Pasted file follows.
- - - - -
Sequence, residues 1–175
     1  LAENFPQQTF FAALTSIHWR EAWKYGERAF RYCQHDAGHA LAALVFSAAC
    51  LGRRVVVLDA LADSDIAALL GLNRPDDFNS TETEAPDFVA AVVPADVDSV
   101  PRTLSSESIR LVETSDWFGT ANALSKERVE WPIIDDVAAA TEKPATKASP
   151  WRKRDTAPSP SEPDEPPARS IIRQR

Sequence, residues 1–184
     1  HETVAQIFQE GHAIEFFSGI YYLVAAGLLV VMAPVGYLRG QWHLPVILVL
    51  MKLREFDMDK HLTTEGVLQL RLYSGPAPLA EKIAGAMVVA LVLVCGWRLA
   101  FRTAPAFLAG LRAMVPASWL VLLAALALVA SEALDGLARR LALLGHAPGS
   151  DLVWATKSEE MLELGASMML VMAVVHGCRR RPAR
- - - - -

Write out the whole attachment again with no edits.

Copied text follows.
Sequence, residues 1–175
     1  LAENFPQQTF FAALTSIHWR EAWKYGERAF RYCQHDAGHA LAALVFSAAC
    51  LGRRVVVLDA LADSDIAALL GLNRPDDFNS TETEAPDFVA AVVPADVDSV
   101  PRTLSSESIR LVETSDWFGT ANALSKERVE WPIIDDVAAA TEKPATKASP
   151  WRKRDTAPSP SEPDEPPARS IIRQR

Sequence, residues 1–184
     1  HETVAQIFQE GHAIEFFSGI YYLVAAGLLV VMAPVGYLRG QWHLPVILVL
    51  MKLREFDMDK HLTTEGVLQL RLYSGPAPLA EKIAGAMVVA LVLVCGWRLA
   101  FRTAPAFLAG LRAMVPASWL VLLAALALVA SEALDGLARR LALLGHAPGS
   151  DLVWATKSEE MLELGASMML VMAVVHGCRR RPAR